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Butternut squash and crispy sage savory tart

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nestMeg

(Read caption) Fill a pastry crust with oven-roasted butternut squash and a mixture of ricotta and spinach. Sprinkle with Parmesan and then garnish with fried sage leaves once it comes out of the oven.

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Moving to New York City solo (or, frankly, under any circumstances), you may have heard, is not for the faint of heart, the codependent, the wary-of-public-transportation types. Despite the endless number of people I encounter everyday, I have never experienced a living situation as profoundly lonely as life here. I’ve always considered myself an independent person, but existing here means I also have to be an entertaining one – to myself.

Many of you have heard the trials of city singledom, whether from me or from HBO's "Girls" or from "Sex and the City" or from the countless movies that portray Strong Female Leads Living in Metropolitan Areas (with absurdly, unrealistically large apartments) who are secretly desperately lonely. (Presumably because they have invested too much in their careers and not enough in their romances? Can we possibly try for new plotlines in 2013, please? There is not a small number of us who seek more than one objective in life and balance them all just fine.)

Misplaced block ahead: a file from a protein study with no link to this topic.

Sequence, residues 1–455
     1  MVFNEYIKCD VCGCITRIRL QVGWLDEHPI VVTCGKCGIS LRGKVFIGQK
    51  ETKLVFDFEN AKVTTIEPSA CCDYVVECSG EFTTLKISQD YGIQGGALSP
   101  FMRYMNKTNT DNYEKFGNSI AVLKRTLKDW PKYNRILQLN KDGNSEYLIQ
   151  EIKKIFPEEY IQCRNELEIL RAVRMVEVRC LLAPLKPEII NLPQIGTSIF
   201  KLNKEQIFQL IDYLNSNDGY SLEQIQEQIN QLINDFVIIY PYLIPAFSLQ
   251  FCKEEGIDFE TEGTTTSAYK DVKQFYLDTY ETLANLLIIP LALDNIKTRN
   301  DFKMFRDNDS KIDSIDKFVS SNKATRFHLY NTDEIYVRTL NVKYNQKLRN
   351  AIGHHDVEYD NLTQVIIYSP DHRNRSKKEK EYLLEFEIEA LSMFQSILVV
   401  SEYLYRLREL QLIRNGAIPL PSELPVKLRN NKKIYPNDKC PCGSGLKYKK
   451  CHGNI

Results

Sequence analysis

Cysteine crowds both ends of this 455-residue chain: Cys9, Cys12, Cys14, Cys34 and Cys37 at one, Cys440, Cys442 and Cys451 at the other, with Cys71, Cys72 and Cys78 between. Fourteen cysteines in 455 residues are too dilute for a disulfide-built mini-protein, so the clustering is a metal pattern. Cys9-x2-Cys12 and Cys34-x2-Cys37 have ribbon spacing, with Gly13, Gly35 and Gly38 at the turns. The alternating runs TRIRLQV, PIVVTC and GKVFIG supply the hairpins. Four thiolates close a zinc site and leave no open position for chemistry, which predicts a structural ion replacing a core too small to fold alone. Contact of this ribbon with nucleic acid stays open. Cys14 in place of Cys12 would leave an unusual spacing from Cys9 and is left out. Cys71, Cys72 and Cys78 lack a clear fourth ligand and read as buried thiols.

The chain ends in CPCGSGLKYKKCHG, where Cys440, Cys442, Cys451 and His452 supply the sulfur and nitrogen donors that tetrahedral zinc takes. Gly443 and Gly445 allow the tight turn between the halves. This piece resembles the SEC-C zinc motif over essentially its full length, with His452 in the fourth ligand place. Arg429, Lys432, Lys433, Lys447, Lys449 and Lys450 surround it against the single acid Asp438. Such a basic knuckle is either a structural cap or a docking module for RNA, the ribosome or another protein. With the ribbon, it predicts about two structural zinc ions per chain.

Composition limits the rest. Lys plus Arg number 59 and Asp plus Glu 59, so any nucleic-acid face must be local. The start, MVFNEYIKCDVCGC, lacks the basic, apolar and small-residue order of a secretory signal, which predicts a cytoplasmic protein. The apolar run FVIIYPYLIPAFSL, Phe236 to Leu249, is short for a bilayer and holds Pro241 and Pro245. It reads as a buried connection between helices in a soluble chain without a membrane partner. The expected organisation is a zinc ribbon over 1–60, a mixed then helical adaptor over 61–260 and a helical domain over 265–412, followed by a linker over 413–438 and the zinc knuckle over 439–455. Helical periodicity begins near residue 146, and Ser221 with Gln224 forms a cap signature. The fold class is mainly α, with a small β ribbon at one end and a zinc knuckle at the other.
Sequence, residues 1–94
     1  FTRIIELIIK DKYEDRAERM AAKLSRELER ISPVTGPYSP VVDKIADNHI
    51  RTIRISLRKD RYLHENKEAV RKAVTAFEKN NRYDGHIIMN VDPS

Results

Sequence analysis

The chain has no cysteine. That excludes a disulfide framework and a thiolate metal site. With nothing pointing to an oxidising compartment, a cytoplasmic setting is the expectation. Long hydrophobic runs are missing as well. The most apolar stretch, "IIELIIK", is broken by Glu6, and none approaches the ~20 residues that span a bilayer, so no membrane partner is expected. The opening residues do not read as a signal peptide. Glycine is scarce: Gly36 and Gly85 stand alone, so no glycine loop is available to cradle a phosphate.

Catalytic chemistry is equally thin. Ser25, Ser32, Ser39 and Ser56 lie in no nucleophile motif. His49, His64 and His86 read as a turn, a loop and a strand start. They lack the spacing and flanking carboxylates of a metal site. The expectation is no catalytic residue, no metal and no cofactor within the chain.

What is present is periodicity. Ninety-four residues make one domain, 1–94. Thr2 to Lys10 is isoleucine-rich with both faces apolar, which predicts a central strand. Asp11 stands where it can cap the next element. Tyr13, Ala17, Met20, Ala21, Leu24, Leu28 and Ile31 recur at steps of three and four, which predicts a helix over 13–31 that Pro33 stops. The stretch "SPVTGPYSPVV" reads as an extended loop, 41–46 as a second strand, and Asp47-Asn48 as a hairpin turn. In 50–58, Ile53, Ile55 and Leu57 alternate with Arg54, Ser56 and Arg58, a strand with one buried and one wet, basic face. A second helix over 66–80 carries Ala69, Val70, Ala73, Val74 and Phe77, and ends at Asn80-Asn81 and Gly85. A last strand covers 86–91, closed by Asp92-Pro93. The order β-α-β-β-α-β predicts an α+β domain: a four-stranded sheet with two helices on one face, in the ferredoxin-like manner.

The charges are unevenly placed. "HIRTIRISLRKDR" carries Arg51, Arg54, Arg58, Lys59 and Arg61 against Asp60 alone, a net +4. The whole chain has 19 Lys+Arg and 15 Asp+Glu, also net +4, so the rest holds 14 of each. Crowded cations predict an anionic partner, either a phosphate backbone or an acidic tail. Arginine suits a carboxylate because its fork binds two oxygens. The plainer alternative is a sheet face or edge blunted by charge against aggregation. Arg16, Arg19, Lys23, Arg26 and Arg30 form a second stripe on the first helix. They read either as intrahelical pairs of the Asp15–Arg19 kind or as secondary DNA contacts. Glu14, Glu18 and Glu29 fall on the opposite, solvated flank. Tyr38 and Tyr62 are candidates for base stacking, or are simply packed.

But if you haven’t heard about dating in NYC, I’m not going to regale you with the specific foibles and follies. It’s been covered, I think, and also my parents read this blog. I will say, however, that it is incredibly taxing despite what seems like overwhelmingly good odds. I mean, there are 8 million people in this city, and based on my very precise Algorithm of Eligible Bachelors Dwelling in the Five Boroughs, there must be a solid 10,000 who meet basic criteria.

As it turns out, though, basic criteria is not enough. Because as you can imagine, 10,000 men is a challenge to weed through. And every one I meet, I think “Oh yes, this is one is acceptable. But I bet I could find one who also understands my deep and sustained love for the emo music I listened to in high school.” (See: "The Paradox of Choice" by Barry Schwartz.) (Also, that’s just an example. I definitely don’t listen to emo anymore! Seriously! I don’t!) I, too, am a victim of too much choice, the possibility of someone somehow better existing too tantalizing to pass up, as I found out recently after being rejected by an unemployed man who’s “too busy” for a second date.

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